We give you exactly what you need for a transformative live music experience. Specify your own price, time, instruments, jazz genre, favorite songs, and we'll do the rest. Music For Tomorrow's online band booking service has connected over 100 jazz musicians with audiences. We have worked with Fortune 50 companies as well as cultural institutions. We're an officially recognized partner of the United Nations. Music For Tomorrow's database of artists is growing daily, as we are committed to spreading the word of jazz and its talent.
Our sustainable "tip jar" model enables bookers to donate voluntarily a recommended 10 percent to our cause. Everything raised past operational costs is given right back into the creative economy of New Orleans to socially responsible organizations that support the local community. We create jobs for musicians, raise money for New Orleans, and create magical musical experiences for a wide variety of occasions.
After Google booked their Nonprofit Holiday Mixer on the Music For Tomorrow website, the Community Affairs Manager said, "MFT provided me exactly what I was looking for my Google Nonprofit Holiday Mixer...MFT was able to source 19 quality options within 48 hours. Impressive! 5 star experience!" Our service is able to accommodate any request because of the size and variety of our curated pool of talented musicians.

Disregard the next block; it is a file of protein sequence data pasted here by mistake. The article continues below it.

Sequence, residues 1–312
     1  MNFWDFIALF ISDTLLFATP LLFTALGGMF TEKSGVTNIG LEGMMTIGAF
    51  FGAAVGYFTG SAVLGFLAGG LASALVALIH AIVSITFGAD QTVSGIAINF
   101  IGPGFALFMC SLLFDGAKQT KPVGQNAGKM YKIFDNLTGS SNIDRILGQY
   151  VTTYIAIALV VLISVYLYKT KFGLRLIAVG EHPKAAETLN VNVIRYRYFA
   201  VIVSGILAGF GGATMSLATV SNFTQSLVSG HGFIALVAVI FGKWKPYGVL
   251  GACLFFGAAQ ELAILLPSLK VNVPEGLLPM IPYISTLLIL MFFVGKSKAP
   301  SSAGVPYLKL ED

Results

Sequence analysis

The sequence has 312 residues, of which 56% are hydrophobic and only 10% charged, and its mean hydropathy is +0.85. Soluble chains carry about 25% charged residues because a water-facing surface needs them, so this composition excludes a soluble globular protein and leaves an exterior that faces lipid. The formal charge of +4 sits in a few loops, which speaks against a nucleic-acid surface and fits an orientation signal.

No request is too big or too small. Valentine's Day recently brought us requests for soloists and duos to perform for romantic dinners for two. Mardi Gras is approaching and we have requests for swingin' New Orleans themed brass bands. Music For Tomorrow is popular with wedding planners, corporate event coordinators, and gallery owners as well. We've also seen significant interest with restaurants and jazz clubs who have booked bands for dinners and shows.
What New Yorkers are realizing is that you don't need to be a professional party planner to utilize our service. In just a few minutes and clicks of a mouse you can submit a request for an ensemble to perform at your summer clambake out east, your church's annual courtyard picnic, or your best friend's birthday party.
The feedback from our musicians has been the key to why we continue to do what we do Gregorio Uribe, leader of the Gregorio Uribe Big Band, says, "MFT is simple, trustworthy and there's no catch. It's been a great way to book gigs that match my style of music and from experience I know that MFT is there to help musicians like myself."
Jazz is just as much about the experience for our musicians as it is for those organizing and listening. Musicians support our service because we enable them to pursue their passions fully. A musician thanked us once because we helped him pay his rent for the month. That's powerful, knowing we're out there making lives easier and supporting local communities.
Revitalizing neighborhoods, creating opportunities, building a better America, and all that... jazz.